Disseminating Research as a Network: Credit on the Cusp Case Study

Disseminating findings is a critical part of the research process. It leads to increased awareness; it also helps to enhance understanding of the messages the research intends to convey, hence maximising the impact that the research can have. Yet, many organisations struggle to formulate a successful dissemination strategy for research that they often invest heavily in.

How best can a Network help to disseminate research findings and thereby contribute meaningfully to an overall research strategy?

Network structures form an exceptional opportunity for spreading information widely. The Credit on the Cusp case study forms a good example to highlight this point. In this case, FSD Africa commissioned Bankable Frontier Associates to undertake the Credit on the Cusp (CoC) research project and Well Told Story for the dissemination strategy. The research, while broad in scope, sought to answer one driving question: Given major shifts taking place in African economies, how can donors and policymakers guide credit market development in a way that strengthens the economic well-being of the ‘cusp group’ (broadly defined as those getting by on $2-$5 per day) over the next 10 years? The study examined experiences from cusp group consumers and the lenders serving them in South Africa, Ghana and Kenya.

Using this case study as an example, five golden rules emerged as important for the success of the research’s dissemination as a Network:

  1. Develop a dissemination plan

A dissemination strategy was developed as the research got underway. Measurable goals were formulated and target audiences identified. We used the ‘Pyramid of engagement’, a multimedia approach, to disseminate findings. This entailed developing a planning tool with activities and products to be disseminated. The following were used consecutively before and after the launch of the research findings;

  1. Include FSDs as key stakeholders in research process

A key learning for FSD Africa was the need to involve all the FSDs, especially staff involved in communications, as a step towards network-wide ownership of the research and its translation into practice. During the research dissemination, it was it was learned that research departments across the FSDs and other key stakeholders should be involved, not only when the results are known, but throughout the research process. Holding key stakeholder meetings where research findings are presented will encourage stakeholders to participate in interpreting the findings and developing specific recommendations for their action plans. Involving Monitoring and Results Measurement (MRM) units within the Network in the research process is also critical to evaluate the effectiveness of the dissemination plan and inform lessons for future strategies.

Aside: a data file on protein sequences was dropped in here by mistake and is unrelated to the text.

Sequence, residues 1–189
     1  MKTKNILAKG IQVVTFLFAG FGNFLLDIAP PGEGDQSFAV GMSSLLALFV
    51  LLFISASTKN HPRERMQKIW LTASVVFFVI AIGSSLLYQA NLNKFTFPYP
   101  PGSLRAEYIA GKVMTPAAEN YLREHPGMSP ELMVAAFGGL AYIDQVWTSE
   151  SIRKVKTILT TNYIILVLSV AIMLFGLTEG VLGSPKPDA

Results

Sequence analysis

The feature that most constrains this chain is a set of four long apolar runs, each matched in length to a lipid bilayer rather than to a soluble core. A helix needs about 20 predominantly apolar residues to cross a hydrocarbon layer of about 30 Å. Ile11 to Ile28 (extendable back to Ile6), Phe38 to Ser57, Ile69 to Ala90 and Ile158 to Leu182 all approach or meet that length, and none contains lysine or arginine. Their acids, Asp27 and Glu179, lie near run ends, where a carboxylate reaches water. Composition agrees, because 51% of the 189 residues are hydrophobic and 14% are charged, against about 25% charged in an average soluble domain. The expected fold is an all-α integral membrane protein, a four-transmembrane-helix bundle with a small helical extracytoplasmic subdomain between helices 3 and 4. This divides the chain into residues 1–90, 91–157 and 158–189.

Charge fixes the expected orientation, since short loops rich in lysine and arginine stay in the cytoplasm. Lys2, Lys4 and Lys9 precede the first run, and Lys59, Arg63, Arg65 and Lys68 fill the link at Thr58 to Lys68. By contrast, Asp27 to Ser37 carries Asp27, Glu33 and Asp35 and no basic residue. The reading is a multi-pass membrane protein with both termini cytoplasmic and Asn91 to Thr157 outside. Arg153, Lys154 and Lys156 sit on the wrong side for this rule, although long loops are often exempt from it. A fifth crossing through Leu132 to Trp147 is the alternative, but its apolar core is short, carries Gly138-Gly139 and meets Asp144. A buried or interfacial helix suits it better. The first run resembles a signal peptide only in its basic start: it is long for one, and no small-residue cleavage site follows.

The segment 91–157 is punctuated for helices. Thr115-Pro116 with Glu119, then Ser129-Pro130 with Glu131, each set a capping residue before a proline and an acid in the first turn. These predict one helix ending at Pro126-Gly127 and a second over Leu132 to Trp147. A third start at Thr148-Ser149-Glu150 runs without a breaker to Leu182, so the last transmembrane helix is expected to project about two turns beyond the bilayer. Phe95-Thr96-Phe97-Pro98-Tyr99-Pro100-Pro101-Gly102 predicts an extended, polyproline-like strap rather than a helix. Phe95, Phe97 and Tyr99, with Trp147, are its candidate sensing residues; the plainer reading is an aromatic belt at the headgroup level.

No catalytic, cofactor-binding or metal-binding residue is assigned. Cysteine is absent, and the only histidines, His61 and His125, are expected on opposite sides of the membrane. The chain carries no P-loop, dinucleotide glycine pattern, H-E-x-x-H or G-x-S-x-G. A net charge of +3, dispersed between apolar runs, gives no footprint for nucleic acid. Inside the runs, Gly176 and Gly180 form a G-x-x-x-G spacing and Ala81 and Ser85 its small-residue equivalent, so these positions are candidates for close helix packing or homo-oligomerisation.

1. Push marketing within and beyond the Network

Once the executive summary of the report was ready, this was shared with all FSDs. To kick off social media engagement across the network, nine country infographics showing a percentage of cuspers and their total population were shared with Communication Leads. Using the hashtag #CreditontheCusp, individual FSDs tweeted and retweeted ahead of the research launch.

A blog series was also posted on influential partner blogs such as the Consultative Group to Assist the Poor (CGAP), Next Billion, i2i, and the Center for Financial Inclusion (CFI). All posted the blogs on their website and shared information about the research before the CoC report launch.

The executive summary was translated into a printed and an electronic brochure and the country infographics into business cards. The business cards contained the research findings, contact information of each FSDs as well as a link to the CoC landing page. Participants received these Information, Education, Communication (IEC) materials at the market place during the report launch. Ideally, these IEC materials should be brief, concise and visually appealing.

Additionally, the blogs and a podcast were shared in the FSD Network newsletter and newsletters of Network Members. While such newsletters can involve a fair amount of work, the benefits are well worth the effort. Drawing together a mailing list of key people to receive an email series can further enhance its reach and effectiveness.

  1. Build media relations for wide coverage

Before the launch of the report, a press release was developed and distributed within the Network. Thereafter, FSDs were requested customise the release to their country findings and proceed to share the release with in-country media interested in financial sector development. The timing of the press release must be carefully orchestrated before the report launch.  Simultaneous release to media is important so that the information is timely and newsworthy. This will increase the likelihood that a story will be written and featured. Even so, coverage from the media demands good media relations between FSDs and journalists at the national, regional and global level.

  1. Evaluate effectiveness of the dissemination plan

An after action review of the CoC launch and post launch activities were conducted to discuss what went well, what did not go so well and what can be learned for future research dissemination. Analytics brought to light missed opportunities and lessons such as the need to strengthen working relations between MRM and Communication units. We now know that evaluation of research dissemination is most effective when it is built in from the start of the strategy until after the launch. This encourages the selection of measurable criteria for each dissemination activity. Evaluation also provides a better understanding of the barriers to dissemination and leads to greater utilisation of the most effective dissemination strategies in future research projects.

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